Over the course of the next several decades, rice plantations were developed in the South Carolina Lowcountry which were dominated by black slaves who had replaced Indians in the workforce. In 1739, the worst slave rebellion in colonial America broke out in South Carolina.

Bass and Poole continue:

“In September 1739 resistance reached its apex with the Stono Rebellion. A group of about twenty African slaves seized weapons near the western branch of the Stono River south of Charleston and began a march they hoped would take them to the safety of Florida. As their numbers grew, the Africans made no attempt to hide themselves. Martial tunes played on captured fife and drums joined with shouts of “Liberty!”

Leaving a swath of destruction and violence in their wake, the Africans burned and plundered plantations, taverns, and shops. Whites were killed with little regard for age or gender, but at least two were spared because of their reputation for kindness to slaves.

In a dramatic moment the carriage of Lieutenant Governor William Bull crossed paths with the insurrectionists. Bull ordered his driver to get him back to Charleston posthaste, where he called out all available white militia. The white militia and the rebels fought a pitched battle near Jacksonborough, between Charleston and Beaufort. The better-armed and better-trained militia defeated and captured many of the slaves. Roughly forty whites and sixty blacks died in the melee. Others escaped in groups into the woods, where they continued to harass outlying white settlements for many months.

White response to the rebellion proved swift and brutal. Travelers on the Old Post Road between Charleston and Beaufort (U.S. Highway 17 essentially follows this route today) would have seen the heads of the rebels placed on pikes up and down the route.

Many scholars view the Stono Rebellion as a significant turning point in South Carolina’s history. The “Negro Act” of 1740 significantly narrowed the lives of African slaves while encouraging white planters to follow a policy that combined paternalism and repression. This method of control characterized white supremacy in South Carolina into the mid-twentieth century.”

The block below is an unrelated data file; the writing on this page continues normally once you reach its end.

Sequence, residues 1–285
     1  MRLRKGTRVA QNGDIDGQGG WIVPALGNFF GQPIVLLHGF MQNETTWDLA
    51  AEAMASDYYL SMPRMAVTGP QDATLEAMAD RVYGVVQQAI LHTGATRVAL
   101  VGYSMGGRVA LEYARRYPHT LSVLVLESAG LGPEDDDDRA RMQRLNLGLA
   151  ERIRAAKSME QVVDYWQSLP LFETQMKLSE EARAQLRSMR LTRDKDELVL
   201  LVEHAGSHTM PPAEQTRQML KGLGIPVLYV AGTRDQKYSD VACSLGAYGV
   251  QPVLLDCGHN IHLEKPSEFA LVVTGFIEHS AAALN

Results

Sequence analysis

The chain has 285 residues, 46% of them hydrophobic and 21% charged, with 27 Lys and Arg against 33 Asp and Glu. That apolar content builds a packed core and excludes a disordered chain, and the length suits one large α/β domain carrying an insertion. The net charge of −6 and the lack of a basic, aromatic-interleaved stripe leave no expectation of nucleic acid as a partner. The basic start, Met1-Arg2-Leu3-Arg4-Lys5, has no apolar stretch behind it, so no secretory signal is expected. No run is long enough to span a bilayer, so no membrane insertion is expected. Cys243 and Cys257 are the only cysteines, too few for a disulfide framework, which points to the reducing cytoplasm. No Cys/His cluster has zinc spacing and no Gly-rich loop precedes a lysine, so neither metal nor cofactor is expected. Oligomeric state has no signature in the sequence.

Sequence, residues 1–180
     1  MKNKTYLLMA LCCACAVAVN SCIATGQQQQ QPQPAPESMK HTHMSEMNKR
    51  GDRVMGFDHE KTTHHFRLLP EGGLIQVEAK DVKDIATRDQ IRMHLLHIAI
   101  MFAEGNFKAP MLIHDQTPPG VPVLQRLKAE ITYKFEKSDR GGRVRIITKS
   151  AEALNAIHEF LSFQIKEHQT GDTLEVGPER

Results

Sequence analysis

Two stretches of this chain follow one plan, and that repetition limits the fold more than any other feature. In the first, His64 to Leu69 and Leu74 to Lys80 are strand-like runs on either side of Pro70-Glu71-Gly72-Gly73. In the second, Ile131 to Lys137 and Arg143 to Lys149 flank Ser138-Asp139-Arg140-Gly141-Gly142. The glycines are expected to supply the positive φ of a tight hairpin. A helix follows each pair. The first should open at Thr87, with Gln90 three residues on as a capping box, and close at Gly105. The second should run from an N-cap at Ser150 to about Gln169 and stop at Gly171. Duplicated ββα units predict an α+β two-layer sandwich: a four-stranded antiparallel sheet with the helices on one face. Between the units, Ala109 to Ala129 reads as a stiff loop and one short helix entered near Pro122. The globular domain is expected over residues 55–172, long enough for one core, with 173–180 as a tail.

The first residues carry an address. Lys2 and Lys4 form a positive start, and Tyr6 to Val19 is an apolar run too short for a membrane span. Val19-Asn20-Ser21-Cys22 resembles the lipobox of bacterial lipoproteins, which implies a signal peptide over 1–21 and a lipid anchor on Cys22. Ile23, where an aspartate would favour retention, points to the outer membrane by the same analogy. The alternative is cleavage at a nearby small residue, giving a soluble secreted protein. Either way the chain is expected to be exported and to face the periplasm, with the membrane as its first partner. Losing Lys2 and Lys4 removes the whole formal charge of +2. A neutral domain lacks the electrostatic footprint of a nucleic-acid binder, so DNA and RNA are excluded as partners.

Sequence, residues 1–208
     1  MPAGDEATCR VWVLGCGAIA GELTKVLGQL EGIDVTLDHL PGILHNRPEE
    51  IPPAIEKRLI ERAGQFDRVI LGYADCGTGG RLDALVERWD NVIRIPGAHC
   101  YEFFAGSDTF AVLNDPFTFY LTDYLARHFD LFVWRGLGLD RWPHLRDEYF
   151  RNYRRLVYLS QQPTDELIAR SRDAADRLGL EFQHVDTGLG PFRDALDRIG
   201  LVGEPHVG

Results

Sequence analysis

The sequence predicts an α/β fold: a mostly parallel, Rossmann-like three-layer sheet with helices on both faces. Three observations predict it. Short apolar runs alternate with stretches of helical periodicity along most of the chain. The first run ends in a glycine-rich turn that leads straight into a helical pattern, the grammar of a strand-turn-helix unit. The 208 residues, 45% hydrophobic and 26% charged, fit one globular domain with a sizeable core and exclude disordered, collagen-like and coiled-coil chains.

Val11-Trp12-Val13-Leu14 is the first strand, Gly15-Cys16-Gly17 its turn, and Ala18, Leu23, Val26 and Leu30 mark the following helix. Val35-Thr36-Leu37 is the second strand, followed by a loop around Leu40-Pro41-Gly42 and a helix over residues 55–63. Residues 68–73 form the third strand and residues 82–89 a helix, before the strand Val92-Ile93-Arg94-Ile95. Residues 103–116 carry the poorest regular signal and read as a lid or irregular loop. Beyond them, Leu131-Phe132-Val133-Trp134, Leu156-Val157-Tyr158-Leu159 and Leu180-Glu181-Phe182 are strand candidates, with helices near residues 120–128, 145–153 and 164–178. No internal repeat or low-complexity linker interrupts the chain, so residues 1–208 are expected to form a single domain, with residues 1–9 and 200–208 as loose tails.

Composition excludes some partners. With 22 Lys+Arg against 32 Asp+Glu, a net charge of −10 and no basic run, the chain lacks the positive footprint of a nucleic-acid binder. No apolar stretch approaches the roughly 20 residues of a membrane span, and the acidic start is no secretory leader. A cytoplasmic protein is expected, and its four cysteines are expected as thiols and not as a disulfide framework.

In the Stono Rebellion, black slaves rose up and killed their White masters in the name of “Liberty,” and the Whites responded to their appeal to natural rights by killing them and mounting the heads of the rebels on pikes on the Old Post Road between Charleston and Beaufort.

How did the American Revolution come about in South Carolina? Why would a Slave Society declare its independence from the British Empire in the name of liberty and natural rights? What motivated South Carolina to ratify the United States Constitution and join the Union? This is one of the most fascinating topics in Southern history and it is one we will be exploring in depth shortly.

About Hunter Wallace 9331 Articles
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8 Comments

  1. In the bed of the river there were pebbles and boulders, dry and white in the sun, and the water was clear and swiftly moving and blue in the channels…

  2. It’s kinda horrible reading about this stuff … it wasn’t only in the South, slave rebels were burned alive in New York in the 1700s, as I recall … part of the background to the no ‘cruel or unusual punishments’ clause of the USA Constitution

    The conclusion of many people reading this – many euro-heritage whites included – would be that white culture has historical, fatal flaws, given it is barely emerging from the enslavement nexus, with economic etc imperialism being just more enslavement in a new format